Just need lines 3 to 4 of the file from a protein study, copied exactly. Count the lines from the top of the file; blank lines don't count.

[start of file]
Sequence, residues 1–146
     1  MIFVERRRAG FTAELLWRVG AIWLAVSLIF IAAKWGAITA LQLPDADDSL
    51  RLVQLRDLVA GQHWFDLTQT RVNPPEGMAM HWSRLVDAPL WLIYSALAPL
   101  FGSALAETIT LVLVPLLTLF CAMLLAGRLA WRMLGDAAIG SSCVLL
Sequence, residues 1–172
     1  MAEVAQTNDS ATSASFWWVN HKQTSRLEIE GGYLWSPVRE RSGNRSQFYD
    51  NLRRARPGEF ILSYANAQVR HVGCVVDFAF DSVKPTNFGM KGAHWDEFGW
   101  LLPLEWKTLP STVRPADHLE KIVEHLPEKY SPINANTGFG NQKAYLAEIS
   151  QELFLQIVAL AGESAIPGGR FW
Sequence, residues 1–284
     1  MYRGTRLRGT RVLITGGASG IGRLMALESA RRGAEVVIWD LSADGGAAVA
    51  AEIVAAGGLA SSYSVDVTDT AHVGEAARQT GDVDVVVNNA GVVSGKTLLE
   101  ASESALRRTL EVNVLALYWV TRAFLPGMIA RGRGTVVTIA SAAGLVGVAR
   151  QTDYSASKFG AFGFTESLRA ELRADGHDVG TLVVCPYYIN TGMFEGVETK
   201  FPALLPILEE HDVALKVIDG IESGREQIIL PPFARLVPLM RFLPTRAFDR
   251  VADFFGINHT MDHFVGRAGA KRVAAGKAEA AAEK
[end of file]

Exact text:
    51  RLVQLRDLVA GQHWFDLTQT RVNPPEGMAM HWSRLVDAPL WLIYSALAPL
   101  FGSALAETIT LVLVPLLTLF CAMLLAGRLA WRMLGDAAIG SSCVLL